St Cecilia’s children go ‘bush’ for the day
Dad had to face racism on field
Sergio Silvagni was a pioneer for European migrants playing Aussie Rules in Melbourne during the 1950s and 60s, when life for an Italian migrant was tough - on and off the field.
When World War II broke out, a year after he was born, “the Italians suddenly became enemies”, he says.
“During the war, all Italians settled down and kept a low profile.
“In football, Frank Curcio was the first player of an Italian background to really emerge, and then there was ‘Onga’ (Tony Ongarello) at Fitzroy.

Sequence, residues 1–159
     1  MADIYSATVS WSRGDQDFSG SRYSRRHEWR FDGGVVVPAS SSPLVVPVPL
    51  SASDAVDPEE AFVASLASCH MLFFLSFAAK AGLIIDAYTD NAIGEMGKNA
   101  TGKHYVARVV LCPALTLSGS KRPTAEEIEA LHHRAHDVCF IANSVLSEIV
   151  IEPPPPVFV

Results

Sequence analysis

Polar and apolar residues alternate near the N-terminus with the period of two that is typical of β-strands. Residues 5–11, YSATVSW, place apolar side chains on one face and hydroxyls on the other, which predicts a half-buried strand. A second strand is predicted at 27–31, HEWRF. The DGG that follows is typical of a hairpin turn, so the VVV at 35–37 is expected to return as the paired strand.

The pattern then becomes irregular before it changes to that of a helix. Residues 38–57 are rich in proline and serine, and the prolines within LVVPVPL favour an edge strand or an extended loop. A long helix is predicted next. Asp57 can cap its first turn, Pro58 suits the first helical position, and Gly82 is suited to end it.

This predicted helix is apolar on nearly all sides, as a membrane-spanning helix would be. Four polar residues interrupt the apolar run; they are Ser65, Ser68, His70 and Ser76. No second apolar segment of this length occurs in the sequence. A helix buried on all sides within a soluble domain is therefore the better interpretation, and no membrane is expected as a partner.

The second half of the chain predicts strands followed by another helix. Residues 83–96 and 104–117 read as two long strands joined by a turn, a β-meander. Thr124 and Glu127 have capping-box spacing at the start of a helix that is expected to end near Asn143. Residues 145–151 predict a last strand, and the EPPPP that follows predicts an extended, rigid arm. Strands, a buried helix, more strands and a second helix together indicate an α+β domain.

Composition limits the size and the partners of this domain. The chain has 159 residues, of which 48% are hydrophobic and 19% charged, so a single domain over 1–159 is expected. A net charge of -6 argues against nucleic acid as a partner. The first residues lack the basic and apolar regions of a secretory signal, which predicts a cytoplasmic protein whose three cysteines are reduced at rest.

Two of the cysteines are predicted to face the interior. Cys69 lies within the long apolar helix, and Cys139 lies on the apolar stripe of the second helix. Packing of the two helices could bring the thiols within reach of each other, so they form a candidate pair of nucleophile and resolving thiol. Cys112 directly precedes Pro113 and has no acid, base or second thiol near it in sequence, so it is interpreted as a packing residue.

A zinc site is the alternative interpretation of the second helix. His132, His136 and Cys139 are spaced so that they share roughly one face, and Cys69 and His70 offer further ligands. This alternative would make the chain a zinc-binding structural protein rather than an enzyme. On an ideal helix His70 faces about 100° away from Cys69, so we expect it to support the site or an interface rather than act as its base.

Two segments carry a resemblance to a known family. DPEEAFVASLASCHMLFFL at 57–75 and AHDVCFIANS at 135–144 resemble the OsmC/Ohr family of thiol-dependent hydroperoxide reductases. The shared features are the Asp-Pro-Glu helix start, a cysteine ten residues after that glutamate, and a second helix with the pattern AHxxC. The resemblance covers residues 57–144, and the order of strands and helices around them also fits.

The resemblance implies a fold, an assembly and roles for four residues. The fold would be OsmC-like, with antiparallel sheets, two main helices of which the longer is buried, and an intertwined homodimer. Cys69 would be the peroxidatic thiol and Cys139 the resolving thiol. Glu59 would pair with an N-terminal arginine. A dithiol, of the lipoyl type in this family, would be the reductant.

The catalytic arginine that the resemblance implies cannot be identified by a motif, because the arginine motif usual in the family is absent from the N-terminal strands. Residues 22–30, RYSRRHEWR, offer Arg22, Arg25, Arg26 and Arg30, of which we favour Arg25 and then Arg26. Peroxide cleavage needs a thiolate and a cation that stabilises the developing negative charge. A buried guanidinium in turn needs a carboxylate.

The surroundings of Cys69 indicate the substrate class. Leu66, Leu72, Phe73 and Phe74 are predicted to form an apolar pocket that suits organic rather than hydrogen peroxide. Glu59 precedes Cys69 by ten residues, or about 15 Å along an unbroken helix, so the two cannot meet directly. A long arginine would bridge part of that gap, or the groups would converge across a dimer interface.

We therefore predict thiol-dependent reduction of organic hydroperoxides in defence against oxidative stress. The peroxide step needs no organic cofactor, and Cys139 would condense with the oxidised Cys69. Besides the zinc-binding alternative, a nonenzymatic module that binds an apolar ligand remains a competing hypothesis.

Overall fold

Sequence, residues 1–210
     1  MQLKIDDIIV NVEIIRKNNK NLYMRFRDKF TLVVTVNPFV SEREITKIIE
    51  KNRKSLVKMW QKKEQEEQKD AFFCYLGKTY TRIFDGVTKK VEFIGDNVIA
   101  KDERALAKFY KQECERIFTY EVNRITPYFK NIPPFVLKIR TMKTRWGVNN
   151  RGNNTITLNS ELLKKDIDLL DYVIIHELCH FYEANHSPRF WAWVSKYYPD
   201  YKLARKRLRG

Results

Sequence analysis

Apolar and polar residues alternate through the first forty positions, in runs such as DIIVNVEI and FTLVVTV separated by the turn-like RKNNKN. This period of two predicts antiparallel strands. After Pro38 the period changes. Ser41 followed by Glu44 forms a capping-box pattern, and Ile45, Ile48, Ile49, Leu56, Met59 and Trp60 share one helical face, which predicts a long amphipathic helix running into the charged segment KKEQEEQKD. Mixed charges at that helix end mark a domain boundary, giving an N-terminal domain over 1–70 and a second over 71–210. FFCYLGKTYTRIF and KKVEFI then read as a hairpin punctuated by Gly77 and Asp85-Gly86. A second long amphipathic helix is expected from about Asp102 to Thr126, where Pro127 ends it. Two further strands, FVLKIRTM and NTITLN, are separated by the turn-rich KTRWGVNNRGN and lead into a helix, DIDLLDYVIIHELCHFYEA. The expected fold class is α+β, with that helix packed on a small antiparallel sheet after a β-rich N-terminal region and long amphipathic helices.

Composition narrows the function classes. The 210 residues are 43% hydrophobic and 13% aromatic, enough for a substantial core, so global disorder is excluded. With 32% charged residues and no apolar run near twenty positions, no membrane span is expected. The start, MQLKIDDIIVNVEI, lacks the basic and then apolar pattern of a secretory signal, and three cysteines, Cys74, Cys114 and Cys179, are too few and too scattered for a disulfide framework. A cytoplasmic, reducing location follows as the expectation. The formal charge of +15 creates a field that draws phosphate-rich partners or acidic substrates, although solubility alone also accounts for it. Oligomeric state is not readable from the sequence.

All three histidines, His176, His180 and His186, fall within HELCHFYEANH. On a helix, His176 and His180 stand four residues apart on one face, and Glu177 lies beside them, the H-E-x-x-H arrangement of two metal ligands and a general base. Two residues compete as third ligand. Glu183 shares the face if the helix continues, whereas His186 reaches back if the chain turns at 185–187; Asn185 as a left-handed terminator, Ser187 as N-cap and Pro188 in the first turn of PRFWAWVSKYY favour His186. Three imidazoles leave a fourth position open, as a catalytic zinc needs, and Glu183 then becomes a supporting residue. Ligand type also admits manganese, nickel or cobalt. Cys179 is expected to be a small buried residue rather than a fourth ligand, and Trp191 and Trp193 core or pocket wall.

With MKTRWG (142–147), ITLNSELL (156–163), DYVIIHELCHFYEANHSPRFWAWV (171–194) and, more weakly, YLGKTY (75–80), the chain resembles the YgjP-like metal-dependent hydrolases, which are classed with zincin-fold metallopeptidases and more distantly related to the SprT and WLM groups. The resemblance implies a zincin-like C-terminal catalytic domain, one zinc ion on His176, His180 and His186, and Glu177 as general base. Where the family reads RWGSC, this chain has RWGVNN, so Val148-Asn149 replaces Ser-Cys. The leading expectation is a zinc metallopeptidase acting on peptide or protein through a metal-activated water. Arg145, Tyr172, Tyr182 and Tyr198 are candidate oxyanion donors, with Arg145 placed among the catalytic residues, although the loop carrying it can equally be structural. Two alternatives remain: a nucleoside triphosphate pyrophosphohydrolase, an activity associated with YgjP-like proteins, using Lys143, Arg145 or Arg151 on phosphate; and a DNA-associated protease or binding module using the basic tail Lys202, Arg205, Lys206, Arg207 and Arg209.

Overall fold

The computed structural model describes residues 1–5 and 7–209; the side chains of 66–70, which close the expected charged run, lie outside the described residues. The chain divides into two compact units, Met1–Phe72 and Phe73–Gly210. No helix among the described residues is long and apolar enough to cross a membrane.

“I was around during Onga’s time, and if the league’s racial vilification laws had been in place when Carlton and Fitzroy played then, half the crowd would have been locked up.
“Because the Italians were seen as enemies throughout the war, I had to be a very quiet and low-key kid, almost introverted.
“I just kept quiet and kept to myself, but playing sport was a way of assimilating.”